Fieldays is nearly here

Last year’s Fieldays saw 130,866 through the gate over four days. Photo – Michael Jeans.

Cambridge is already in Fieldays mode.

The Southern Hemisphere’s largest agricultural event will hit Mystery Creek June 12 – 15, attracting an expected 130,000-plus visitors, over a thousand exhibitors and $490 million in sales revenue for businesses directly involved in Fieldays. On top of that, the Waikato region will likely see an additional $168million in spending from the thousands of visitors to the Waikato.

Already most accommodation providers in the wider Cambridge area, from Tamahere to Maungatautari, have completely booked out. Only two of the 42 accommodation providers we surveyed had a room available during Fieldays week.

“We could have booked out four times over,” said Shane Walsh at The Monastery. “We had to disappoint a lot of organisations that wanted to book all our rooms.”

Manager Anne Edgecombe at Podium Lodge, which was “100 per cent full”, said although it was a busy and intense time, “we thoroughly enjoy this special week.”

“Fieldays is undeniably a big week for everyone in the area,” she said.

Several accommodation providers regarded Fieldays as an ideal cash flow opportunity during what is otherwise a quiet period in the region’s tourism industry.

“It’s very important to us for a real boost in winter when things are a wee bit quieter,” said Steph Cole, Mystery Creek Motel.

Now in its 51st year, over the past five decades Fieldays has had a total economic impact of $18billion.

Cambridge Business Chamber CEO Kelly Bouzaid recommended businesses make an effort to engage and welcome visitors in town for Fieldays, and consider their opening hours to ensure they maximise the opportunity presented by Fieldays.

“Fieldays offers Cambridge a significant boost to our local businesses,” she said, listing street front references, tailored offers, and digital visibility as ways to generate more spending and impulse purchases.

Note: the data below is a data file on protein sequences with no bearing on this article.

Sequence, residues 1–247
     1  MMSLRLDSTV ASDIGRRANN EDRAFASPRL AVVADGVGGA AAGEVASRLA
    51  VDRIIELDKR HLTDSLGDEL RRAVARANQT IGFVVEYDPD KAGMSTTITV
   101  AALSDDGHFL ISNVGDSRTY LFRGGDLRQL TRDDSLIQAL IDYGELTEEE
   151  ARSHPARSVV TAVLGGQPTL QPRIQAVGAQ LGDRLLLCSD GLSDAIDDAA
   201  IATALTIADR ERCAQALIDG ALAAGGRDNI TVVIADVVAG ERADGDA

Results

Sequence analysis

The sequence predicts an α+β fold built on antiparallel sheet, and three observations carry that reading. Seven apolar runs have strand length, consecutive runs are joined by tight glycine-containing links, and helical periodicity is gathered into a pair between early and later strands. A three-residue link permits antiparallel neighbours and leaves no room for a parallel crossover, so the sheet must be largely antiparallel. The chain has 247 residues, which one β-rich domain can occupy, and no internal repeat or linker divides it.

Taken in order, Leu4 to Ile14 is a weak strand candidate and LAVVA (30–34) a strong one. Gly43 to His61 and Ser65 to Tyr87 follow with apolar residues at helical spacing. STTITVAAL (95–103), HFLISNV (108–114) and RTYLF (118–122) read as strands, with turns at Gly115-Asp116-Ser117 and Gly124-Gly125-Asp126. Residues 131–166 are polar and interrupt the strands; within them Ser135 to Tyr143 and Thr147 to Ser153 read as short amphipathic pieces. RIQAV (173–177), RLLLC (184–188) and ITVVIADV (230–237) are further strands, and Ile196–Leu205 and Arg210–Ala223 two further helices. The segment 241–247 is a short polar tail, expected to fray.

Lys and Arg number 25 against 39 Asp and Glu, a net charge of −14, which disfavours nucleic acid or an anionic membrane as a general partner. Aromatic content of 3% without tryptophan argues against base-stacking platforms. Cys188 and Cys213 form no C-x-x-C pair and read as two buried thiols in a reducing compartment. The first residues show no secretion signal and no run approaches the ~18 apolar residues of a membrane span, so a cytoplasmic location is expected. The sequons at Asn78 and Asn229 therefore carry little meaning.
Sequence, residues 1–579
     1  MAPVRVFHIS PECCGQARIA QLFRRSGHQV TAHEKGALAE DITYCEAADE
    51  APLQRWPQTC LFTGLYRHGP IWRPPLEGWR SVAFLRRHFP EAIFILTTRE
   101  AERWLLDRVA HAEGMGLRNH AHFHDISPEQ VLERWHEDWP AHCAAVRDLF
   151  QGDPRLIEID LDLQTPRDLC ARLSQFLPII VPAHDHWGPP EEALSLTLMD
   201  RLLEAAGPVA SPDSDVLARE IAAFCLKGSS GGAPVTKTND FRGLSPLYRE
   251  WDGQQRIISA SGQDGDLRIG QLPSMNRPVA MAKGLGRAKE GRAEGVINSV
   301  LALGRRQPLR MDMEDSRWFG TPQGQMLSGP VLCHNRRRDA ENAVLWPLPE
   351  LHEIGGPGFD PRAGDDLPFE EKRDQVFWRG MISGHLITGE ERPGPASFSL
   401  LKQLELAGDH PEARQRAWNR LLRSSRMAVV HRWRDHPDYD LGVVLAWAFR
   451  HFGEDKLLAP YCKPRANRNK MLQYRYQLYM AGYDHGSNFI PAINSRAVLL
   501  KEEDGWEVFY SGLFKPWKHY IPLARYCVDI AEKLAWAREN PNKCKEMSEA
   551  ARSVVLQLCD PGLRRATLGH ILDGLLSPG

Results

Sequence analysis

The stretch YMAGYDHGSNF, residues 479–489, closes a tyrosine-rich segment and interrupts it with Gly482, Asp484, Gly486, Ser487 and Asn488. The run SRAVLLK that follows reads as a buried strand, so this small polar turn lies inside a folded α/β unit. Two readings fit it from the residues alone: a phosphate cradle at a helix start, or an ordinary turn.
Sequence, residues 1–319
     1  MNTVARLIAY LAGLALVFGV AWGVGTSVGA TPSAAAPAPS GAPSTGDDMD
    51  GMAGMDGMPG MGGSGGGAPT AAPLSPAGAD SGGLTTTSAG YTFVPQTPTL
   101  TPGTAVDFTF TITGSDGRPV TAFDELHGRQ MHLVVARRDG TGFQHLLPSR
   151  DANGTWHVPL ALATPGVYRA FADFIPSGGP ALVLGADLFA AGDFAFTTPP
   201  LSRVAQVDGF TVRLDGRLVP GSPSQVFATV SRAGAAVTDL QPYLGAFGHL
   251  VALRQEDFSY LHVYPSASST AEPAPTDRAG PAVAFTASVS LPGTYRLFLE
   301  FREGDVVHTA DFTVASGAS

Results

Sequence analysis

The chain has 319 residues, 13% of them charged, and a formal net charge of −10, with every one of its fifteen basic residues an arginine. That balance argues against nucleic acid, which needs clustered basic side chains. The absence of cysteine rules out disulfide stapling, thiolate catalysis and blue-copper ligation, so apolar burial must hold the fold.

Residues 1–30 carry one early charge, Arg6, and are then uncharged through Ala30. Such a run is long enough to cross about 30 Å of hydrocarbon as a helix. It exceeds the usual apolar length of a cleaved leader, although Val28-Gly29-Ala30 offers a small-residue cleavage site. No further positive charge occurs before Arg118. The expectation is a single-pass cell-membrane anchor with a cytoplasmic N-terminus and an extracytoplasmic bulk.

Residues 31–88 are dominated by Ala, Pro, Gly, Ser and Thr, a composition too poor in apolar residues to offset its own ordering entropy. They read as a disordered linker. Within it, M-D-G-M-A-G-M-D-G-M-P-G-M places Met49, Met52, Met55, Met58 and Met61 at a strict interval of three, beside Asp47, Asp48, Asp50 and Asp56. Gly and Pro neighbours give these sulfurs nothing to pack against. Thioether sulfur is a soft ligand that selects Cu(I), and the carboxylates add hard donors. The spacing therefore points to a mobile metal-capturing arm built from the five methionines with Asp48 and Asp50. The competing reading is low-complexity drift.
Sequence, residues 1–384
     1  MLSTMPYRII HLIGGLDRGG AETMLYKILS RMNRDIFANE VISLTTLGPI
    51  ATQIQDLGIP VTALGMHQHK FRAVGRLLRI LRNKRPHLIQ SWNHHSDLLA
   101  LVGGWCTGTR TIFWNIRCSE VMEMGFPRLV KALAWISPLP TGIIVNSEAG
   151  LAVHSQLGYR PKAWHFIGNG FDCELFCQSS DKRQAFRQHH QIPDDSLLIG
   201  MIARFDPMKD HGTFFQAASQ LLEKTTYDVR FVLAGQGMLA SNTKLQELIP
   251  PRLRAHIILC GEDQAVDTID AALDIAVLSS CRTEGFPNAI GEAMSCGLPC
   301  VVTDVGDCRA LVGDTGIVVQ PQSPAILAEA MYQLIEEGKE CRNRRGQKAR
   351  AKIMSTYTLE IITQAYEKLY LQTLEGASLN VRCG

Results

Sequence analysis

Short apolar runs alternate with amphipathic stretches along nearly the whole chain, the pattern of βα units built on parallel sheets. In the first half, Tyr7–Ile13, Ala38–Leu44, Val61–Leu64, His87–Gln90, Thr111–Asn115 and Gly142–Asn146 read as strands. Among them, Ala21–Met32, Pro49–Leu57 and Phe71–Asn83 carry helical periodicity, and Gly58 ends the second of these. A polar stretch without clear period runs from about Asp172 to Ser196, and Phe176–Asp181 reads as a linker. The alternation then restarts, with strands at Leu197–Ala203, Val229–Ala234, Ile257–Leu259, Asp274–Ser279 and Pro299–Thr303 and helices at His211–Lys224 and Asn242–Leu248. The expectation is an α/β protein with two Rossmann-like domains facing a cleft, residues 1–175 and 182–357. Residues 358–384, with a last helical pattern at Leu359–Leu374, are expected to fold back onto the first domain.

“Our businesses, in particular our retailers and hospitality, are our towns ambassadors over this period, directors of first impressions if you like, to show our community spirit and welcome Fieldays visitors into our town, giving directions and recommendations to our town’s hidden gems.”

Businesses in Cambridge are gearing up for Fieldays next week. Staff at Fresh Choice in Leamington say they’re looking forward to getting into the Fieldays spirit.

Fresh Choice store manager Helen McHugh said the Leamington supermarket was already planning store specials, competitions and themed displays, expecting to see an eight to ten per cent spike in revenue after an approximate 500-more customers visited the store during last year’s event.

“We just make sure we are fully stocked and fully staffed,” she said. “Any event which promotes Cambridge and the surrounding area is an advantage to our business.”

Countdown Cambridge store manager Tanya Lawrence expected to see more customers in the mornings and evenings during Fieldays, and would review and adjust team hours to align with those times.

“Fieldays is always an exciting time but it doesn’t significantly impact our trading other than customers changing their shopping times a bit so they can get to the event during the day,” she said.

Bouzaid wanted to remind residents that although the Fieldays brings increased traffic and parking congestion, “It’s only a short window,” she said, “and a little patience makes a world of difference for everyone involved showing kindness and the point of difference of our community.”

The Waikato Expressway south of Cambridge is expected to see significant traffic congestion during the evenings of Fieldays week, and Cambridge commuters heading to Hamilton should expect a slow crawl into the city.

Police will have a number of staff deployed around Mystery Creek and the wider area during the week, supporting the Traffic Management Plan led by event organisers. The national HQ would not disclose how many roading officers would be deployed in the area, nor which roads were being managed.

As usual a Traffic Management Plan will be in place to help the thousands of vehicles get to and from the Fieldays site. Photo – Michael Jeans.

Local police inspector Andrew Mortimore, area commander for Waikato West Police, said police numbers at the Fieldays site would increase by four officers this year, with a total of 16 officers on site each day.

Fire and Emergency New Zealand confirmed there would be eight volunteers from the organisation at a Fieldays exhibitor site (site D64) promoting fire safety, in addition to four volunteer firefighters on hand, along with a fire appliance, in case of an emergency.

St John will also have 13 staff on site.

Fieldays organisers said Friday tends to be the busiest day of Fieldays, followed by Thursday then Saturday, with Wednesday the quietest day. Tickets, which are 30 for adults and $15 for 5 – 15 year olds, will be available at the gate, at the Cambridge i-SITE or through the Fieldays website.

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